Scholarships for Women Help to Level Playing Field

Despite discussion at the highest levels, young women still struggle in countries around the world -- including the U.S. -- for access to education.
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In 1996, a young woman named Myriam arrived in New York City from Uruguay. She came from an underprivileged family, and she did what many immigrants do: she found a job. For 15 years she worked as a housekeeper while dreaming of more challenging work that would also support a future family. Myriam was eligible for government and school-based aid, but she still could not afford the full-time tuition, fees, books and other costs of rising tuition even at a public college.

Fortunately, she applied to a competitive program at the City University of New York and earned a scholarship to study Radiologic Technology. If you've heard any of President Obama's speeches during his education bus tour through the Northeast this month, you know that Myriam is an exception -- distinguished from countless Americans shut out of higher education because they cannot pay for it. Many of them will be young women, a demographic that is still playing catch-up in education around the globe.

This week as we celebrate Women's Equality Day, a commemoration of women achieving the right to vote, we should take a moment to reflect on how far women's education has come, and yet how much work remains to be done. My organization, the Jewish Foundation for Education of Women (JFEW), which provided Myriam with her scholarship, began its work in 1880. At the same time that Susan B. Anthony and her contemporaries were marching for the vote, Minnie Louis, our founder, was securing food and clothing for immigrant Jewish girls, as well as teaching them, in the tenements of the Lower East Side. Her vision of education as the pathway to opportunity, equality and social mobility is at the core of JFEW's work today, providing women of all races and religions with the same gift of education provided to Myriam. Since 1960, we have granted nearly $75 million to over 10,000 women to pursue higher education.

What all these women had in common was economic need, drive, and motivation. Many were immigrants and first generation college students without role models or networks to encourage them to continue with their education. They attended school full-time and maintained high GPAs while living with extreme economic hardship, and illness, while sometimes also caring for children, parents or younger siblings.

The achievements of these young women are a testament to the numerous benefits that come from educating women and girls -- such as increased self-esteem, the ability to make better health decisions and the opportunity to participate as equals in the workforce. In the U.S., women's access to education has evolved: today 60 percent of all bachelor's degree holders in the country are female, and we are charged with maintaining this momentum.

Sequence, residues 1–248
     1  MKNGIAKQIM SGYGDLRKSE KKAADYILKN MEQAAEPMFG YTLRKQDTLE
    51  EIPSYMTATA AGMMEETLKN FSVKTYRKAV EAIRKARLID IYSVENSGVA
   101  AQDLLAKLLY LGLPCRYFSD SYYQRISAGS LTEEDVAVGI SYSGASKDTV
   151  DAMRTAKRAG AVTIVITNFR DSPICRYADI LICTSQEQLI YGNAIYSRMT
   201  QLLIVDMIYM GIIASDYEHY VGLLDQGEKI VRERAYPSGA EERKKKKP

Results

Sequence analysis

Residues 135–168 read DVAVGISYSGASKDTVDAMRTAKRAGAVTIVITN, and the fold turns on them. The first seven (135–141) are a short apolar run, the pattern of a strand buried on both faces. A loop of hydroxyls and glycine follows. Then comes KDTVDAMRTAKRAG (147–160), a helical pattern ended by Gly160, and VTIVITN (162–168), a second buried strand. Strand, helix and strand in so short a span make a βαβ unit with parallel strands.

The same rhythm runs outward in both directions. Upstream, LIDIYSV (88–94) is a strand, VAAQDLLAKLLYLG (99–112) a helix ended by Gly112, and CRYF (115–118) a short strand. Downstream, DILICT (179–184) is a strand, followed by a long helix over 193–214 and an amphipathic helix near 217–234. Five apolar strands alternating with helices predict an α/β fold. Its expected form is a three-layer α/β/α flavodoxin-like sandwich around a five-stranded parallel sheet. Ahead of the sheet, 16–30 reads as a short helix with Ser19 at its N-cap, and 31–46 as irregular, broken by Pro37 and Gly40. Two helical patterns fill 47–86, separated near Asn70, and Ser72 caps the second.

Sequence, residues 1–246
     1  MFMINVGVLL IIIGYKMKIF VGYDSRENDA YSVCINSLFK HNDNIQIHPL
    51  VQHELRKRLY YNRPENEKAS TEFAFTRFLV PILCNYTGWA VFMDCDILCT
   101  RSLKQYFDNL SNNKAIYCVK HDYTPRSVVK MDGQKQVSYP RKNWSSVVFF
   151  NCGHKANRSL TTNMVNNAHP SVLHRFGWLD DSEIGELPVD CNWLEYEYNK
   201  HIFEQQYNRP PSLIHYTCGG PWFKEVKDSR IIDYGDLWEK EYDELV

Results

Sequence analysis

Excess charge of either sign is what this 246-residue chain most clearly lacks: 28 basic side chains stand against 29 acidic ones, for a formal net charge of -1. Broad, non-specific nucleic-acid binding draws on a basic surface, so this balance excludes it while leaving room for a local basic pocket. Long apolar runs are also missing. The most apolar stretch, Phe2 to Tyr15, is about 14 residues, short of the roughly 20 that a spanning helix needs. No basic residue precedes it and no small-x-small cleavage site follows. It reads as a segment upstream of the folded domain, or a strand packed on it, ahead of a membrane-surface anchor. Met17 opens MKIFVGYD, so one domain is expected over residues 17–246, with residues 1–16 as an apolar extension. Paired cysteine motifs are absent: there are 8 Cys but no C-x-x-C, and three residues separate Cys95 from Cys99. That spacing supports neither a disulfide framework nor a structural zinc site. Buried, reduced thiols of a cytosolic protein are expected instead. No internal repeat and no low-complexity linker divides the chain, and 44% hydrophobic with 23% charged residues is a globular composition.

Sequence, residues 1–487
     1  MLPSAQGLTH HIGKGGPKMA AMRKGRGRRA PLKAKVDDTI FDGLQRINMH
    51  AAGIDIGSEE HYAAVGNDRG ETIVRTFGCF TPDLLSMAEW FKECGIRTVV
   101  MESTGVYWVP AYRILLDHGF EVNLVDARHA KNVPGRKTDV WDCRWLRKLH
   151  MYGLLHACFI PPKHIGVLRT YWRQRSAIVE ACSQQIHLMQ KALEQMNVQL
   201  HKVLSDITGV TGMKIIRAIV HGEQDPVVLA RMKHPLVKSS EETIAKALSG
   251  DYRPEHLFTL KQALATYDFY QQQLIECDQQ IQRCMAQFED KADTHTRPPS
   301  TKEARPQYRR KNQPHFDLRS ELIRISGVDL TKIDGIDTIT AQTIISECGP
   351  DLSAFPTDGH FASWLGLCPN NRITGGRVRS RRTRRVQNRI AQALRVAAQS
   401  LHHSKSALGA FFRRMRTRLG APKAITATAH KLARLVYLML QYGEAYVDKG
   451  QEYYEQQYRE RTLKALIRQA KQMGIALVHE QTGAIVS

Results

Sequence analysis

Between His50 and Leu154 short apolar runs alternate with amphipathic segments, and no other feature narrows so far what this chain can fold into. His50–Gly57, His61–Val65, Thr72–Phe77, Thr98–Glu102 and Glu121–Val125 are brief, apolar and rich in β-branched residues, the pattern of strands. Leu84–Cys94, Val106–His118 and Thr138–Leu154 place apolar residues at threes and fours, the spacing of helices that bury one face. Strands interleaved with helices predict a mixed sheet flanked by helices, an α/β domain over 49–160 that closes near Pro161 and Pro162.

Yet distressingly, across the globe, a distinct gender gap still exists at all levels of education from primary school through college. The World Economic Forum has been tracking this gender gap since 2006 and found that the narrower the gap, the more economically competitive the country. The United Nations has recognized this disparity and has made closing the gap one of the Millennium Development Goals. Despite discussion at the highest levels, young women still struggle in countries around the world -- including the U.S. -- for access to education.

The most important thing we can do to help close this gap is to provide greater access to higher education for young women -- everywhere. Honoring a young woman for achievement in academics while providing the means necessary to expand her intellectual horizons creates a deep sense of pride, and boosts her self-confidence. Research has shown that the implicit message in a scholarship award - showing that someone cares about your potential and ability to succeed -- has increased recipients' accountability, raised academic achievement and resulted in a greater likelihood of attainment of a college degree.

The JFEW model -- a private sector, philanthropic approach that has produced a vast network of alumnae who have achieved professional success as educators, scientists, doctors and nurses, artists, writers, clergy and more -- is a proven strategy that can be replicated anywhere.

I have chosen this moment, as we celebrate a milestone in female equality, to support efforts in our country to make college more affordable. I'm calling on philanthropies to dedicate new or increased funding to colleges and universities here and around the world for the endowment of scholarships for young women. This is an extensive, untapped intellectual resource with the potential to produce significant benefits for all of society -- more scientists, mathematicians, writers, explorers and thinkers to help solve some of the great problems of our time.

We will continue to do our part at JFEW to make higher education a reality for as many women as possible. While the Jewish value of "tikkun olam" or "repairing the world" drives our mission, I believe that all can embrace JFEW's vision for women to aspire, learn and achieve -- breaking down educational barriers, closing the gap and unlocking the path to prosperity for young women and their communities around the world.

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